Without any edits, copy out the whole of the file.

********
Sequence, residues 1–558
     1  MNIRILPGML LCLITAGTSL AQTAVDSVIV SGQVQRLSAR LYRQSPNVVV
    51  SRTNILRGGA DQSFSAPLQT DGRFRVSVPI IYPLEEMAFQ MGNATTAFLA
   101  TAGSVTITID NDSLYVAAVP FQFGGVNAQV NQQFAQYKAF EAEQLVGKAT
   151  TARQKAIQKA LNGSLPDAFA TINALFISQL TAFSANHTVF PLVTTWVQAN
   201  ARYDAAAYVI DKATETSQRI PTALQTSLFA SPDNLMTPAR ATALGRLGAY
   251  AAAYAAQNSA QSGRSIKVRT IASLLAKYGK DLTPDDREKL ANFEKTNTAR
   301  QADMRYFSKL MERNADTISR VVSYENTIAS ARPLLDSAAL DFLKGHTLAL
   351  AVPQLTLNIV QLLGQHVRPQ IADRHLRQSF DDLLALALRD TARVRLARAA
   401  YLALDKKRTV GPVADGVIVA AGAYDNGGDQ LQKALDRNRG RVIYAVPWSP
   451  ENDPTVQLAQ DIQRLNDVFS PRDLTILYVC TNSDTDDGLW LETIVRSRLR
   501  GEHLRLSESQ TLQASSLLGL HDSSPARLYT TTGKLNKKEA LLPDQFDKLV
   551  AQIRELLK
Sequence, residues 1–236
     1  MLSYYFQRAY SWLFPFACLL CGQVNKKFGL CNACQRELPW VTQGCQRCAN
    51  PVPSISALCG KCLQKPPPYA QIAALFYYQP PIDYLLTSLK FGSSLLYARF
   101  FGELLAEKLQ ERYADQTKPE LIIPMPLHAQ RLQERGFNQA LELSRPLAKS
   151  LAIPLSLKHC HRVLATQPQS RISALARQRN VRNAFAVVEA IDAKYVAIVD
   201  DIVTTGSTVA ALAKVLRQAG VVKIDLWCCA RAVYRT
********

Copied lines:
Sequence, residues 1–558
     1  MNIRILPGML LCLITAGTSL AQTAVDSVIV SGQVQRLSAR LYRQSPNVVV
    51  SRTNILRGGA DQSFSAPLQT DGRFRVSVPI IYPLEEMAFQ MGNATTAFLA
   101  TAGSVTITID NDSLYVAAVP FQFGGVNAQV NQQFAQYKAF EAEQLVGKAT
   151  TARQKAIQKA LNGSLPDAFA TINALFISQL TAFSANHTVF PLVTTWVQAN
   201  ARYDAAAYVI DKATETSQRI PTALQTSLFA SPDNLMTPAR ATALGRLGAY
   251  AAAYAAQNSA QSGRSIKVRT IASLLAKYGK DLTPDDREKL ANFEKTNTAR
   301  QADMRYFSKL MERNADTISR VVSYENTIAS ARPLLDSAAL DFLKGHTLAL
   351  AVPQLTLNIV QLLGQHVRPQ IADRHLRQSF DDLLALALRD TARVRLARAA
   401  YLALDKKRTV GPVADGVIVA AGAYDNGGDQ LQKALDRNRG RVIYAVPWSP
   451  ENDPTVQLAQ DIQRLNDVFS PRDLTILYVC TNSDTDDGLW LETIVRSRLR
   501  GEHLRLSESQ TLQASSLLGL HDSSPARLYT TTGKLNKKEA LLPDQFDKLV
   551  AQIRELLK
Sequence, residues 1–236
     1  MLSYYFQRAY SWLFPFACLL CGQVNKKFGL CNACQRELPW VTQGCQRCAN
    51  PVPSISALCG KCLQKPPPYA QIAALFYYQP PIDYLLTSLK FGSSLLYARF
   101  FGELLAEKLQ ERYADQTKPE LIIPMPLHAQ RLQERGFNQA LELSRPLAKS
   151  LAIPLSLKHC HRVLATQPQS RISALARQRN VRNAFAVVEA IDAKYVAIVD
   201  DIVTTGSTVA ALAKVLRQAG VVKIDLWCCA RAVYRT